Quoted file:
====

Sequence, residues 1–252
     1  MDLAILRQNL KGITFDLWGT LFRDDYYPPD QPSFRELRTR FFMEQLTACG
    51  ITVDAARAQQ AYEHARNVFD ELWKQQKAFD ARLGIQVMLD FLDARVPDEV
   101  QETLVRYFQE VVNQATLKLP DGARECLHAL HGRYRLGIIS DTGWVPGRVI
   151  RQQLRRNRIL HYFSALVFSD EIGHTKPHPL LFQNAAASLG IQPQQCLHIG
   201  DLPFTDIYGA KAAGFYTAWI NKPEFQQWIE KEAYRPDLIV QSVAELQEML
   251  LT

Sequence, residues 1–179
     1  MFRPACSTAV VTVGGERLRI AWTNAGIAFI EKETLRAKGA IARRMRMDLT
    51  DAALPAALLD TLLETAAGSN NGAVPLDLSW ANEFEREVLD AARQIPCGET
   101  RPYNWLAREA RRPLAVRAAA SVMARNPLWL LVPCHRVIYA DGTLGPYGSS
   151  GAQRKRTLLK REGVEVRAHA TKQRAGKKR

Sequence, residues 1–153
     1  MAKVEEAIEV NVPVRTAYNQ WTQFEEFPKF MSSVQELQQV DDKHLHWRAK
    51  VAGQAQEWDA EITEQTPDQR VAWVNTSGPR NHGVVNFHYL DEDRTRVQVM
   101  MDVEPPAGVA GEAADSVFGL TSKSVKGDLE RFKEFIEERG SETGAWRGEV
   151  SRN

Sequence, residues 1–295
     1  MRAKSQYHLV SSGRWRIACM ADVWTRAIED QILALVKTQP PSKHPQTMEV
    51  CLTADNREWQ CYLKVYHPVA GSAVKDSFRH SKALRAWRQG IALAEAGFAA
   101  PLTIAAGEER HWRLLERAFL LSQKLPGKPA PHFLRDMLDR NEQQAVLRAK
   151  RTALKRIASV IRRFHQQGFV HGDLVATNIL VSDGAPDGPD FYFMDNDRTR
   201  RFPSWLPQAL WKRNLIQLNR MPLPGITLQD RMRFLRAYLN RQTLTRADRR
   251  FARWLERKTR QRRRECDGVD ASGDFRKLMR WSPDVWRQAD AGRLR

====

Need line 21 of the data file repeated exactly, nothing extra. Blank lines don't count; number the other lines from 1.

   101  PLTIAAGEER HWRLLERAFL LSQKLPGKPA PHFLRDMLDR NEQQAVLRAK